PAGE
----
"Non mettere il vino nuovo nelle vecchie bottiglie!"

Translation:Do not put the new wine in the old bottles!

June 13, 2013



No, this is an imperative form (a command). When using the imperative in the second person singular, negatives use the infinitive form of the verb. This indicates that the command is directed at a single individual.

June 14, 2013


Which begs the question, why is Duolingo throwing imperatives at us now? There's been one or two in past lessons, but now they seem keen on throwing multiple examples at us even though there is a future imperatives lesson that has this one as a requirement!

July 12, 2013


It raises rather than begs the question, but I assume they're throwing the informal second person singular negative imperative at us because it happens to be the same as the infinitive.

October 16, 2013


Why not throw imperatives at us now? It's one of the uses of the Infinitive. I happen to be enjoying this section, actually. It's nice to have a relatively easy one after having just done several hard ones.

February 20, 2015



July 5, 2014


On a cultural point, whoever wrote this phrase has never been to one of Italy's glories, the local cantina, where you very definitely turn up with an old bottle/jerry can or whatever and get it filled to your heart's content.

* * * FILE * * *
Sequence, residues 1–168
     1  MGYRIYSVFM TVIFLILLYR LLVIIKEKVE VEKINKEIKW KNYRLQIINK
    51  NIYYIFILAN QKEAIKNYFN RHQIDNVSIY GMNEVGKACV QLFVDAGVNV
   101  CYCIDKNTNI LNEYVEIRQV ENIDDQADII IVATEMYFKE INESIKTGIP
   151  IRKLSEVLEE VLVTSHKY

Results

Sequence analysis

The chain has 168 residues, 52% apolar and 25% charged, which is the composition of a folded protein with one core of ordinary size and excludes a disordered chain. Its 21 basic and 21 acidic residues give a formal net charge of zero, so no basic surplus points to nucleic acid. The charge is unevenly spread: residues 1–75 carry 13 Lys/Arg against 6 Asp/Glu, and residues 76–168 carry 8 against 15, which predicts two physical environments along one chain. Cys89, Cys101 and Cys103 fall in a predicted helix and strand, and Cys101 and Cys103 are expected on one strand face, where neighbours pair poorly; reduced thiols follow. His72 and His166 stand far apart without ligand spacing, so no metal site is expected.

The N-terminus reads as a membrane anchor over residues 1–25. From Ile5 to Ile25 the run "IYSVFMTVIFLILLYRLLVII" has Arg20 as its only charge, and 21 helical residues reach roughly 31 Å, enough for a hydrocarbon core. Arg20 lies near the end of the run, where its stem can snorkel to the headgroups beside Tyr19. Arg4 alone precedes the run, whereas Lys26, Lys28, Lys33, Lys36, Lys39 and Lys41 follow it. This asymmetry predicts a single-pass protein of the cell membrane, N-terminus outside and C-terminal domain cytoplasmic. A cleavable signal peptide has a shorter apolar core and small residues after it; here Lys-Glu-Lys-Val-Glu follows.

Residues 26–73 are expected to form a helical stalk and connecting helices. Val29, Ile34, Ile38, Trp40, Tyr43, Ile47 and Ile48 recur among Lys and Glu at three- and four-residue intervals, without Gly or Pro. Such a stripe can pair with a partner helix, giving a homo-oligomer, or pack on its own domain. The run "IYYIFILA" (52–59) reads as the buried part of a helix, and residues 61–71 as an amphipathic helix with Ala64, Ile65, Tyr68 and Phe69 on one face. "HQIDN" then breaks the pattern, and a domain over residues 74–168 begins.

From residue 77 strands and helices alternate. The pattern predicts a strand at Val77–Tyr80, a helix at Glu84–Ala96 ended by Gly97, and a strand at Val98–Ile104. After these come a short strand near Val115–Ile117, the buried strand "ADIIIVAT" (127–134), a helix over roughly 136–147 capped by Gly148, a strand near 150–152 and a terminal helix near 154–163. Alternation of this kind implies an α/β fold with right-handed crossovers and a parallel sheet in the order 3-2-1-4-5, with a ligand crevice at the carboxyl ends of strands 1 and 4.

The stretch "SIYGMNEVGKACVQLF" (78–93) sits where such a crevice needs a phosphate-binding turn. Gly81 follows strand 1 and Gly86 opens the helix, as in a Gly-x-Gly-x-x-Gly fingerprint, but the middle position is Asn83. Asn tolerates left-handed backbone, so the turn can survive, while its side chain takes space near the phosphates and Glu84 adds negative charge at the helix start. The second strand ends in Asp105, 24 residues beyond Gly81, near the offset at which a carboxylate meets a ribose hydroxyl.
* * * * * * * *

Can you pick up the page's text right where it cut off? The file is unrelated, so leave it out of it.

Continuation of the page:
March 12, 2014


It's reffering to Mark 2:22. You'd have to read even before the verse.

Jesus came to the earth to bring in a whole new order, where the grace of God, operating through faith, would be the main motivating principle, instead of the obedience of the Law, given my Moses, motivated by fear of punishment. Jesus' enemies could not understand this, so they criticized Him and His disciples for not doing things the old and accepted way of the Law. The new bottles foreshadows the New Covenant; and the new wine forshadows the gift of the Holy Spirit, which was to fill those who believed in him, after he died for our sins and rose again from the dead.  Therefore, this phrase said by Jesus, "Do not put new wine into old bottles, or else the new wine will burst the bottles, and the wine is spilled, and the bottles will be ruined," meaning the Gospel that will only fill with rage and fury to those under the Old Testament (Pact), and will despise it and let it go.